A close look at a transspatial thoracic spine abscess

This 55-year-old male patient has history of quadriplegia due to transsection of the upper cervical spinal cord (image 1, orange arrow). Within the last six months, the patient noticed an absence of muscle spasms from the lower lumbar and lower extremities.

At the level of the T11-T12 intervertebral disc space, large loculated fluid collection / abscess obliterates the central spinal canal and portions of the T11 and T12 vertebral bodies as well as extends to the posterior elements and soft tissues. Images 2 and 3 (red arrows) show the extent of the abscess extending from the prevertebral soft tissues through the intervertebral disc space, through the spinal canal, and into the posterior elements.

Fluid collection partially surrounds the descending aorta with edematous changes including the bodies of T11 and T12, and extends approximately two-thirds of the way of the L1 vertebral body. Abscess extends approximately from the level of T10 to L1 measuring 7.25cm in craniocaudal dimension (image 2, yellow line) and 2.00cm in anteroposterior dimension (image 2, blue line). The fluid component measures 7.09cm in the trans-sagittal dimension (image 2, pink line). Given the upper cervical spinal cord transsection, findings are consistent with an abscess likely related to underlying Charcot disease.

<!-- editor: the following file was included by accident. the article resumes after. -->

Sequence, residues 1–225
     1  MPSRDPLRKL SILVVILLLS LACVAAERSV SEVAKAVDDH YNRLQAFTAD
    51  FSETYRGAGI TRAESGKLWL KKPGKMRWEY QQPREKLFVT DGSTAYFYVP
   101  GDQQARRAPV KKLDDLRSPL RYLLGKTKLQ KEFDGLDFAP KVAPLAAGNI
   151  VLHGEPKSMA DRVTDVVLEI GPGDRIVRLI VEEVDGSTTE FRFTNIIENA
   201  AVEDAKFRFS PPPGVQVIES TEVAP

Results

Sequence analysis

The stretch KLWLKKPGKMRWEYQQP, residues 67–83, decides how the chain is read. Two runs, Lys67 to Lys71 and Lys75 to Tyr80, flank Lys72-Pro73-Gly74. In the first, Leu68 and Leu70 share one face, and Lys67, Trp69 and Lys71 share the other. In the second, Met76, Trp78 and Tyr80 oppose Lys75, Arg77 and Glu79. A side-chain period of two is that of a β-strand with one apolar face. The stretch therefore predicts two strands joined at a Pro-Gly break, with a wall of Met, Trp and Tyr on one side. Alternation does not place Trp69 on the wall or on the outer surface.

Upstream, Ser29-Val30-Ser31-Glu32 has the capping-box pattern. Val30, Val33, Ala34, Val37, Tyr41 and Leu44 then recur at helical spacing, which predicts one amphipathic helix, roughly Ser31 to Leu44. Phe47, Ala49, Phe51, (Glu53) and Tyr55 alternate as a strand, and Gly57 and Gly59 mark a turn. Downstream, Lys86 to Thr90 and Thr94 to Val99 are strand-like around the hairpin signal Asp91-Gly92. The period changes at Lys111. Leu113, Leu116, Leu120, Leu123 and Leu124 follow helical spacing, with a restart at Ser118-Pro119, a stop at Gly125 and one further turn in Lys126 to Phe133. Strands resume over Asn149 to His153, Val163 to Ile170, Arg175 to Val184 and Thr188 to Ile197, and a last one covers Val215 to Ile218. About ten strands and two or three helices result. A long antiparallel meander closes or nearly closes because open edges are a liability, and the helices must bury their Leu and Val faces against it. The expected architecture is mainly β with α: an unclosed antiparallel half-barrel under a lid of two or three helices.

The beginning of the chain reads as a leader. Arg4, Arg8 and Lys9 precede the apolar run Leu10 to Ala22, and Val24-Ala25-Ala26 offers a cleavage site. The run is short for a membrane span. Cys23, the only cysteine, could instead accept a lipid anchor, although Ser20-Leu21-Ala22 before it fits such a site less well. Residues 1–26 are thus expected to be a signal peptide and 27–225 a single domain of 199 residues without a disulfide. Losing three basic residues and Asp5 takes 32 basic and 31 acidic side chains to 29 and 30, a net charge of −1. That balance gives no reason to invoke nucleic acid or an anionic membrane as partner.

Image 4 shows the extent of the abscess (green arrow) obliterating the spinal canal, vertebral body, and posterior elements.

Sagittal T2 FSE

Sagittal T2 FSE

Sagittal T1

Axial T2 FSE


Large transspatial thoracic spine abscess related to underlying Charcot disease from prior cervical spinal cord transsection.


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Dr. Stephen Pomeranz

Dr. Benjamin J. LeSar


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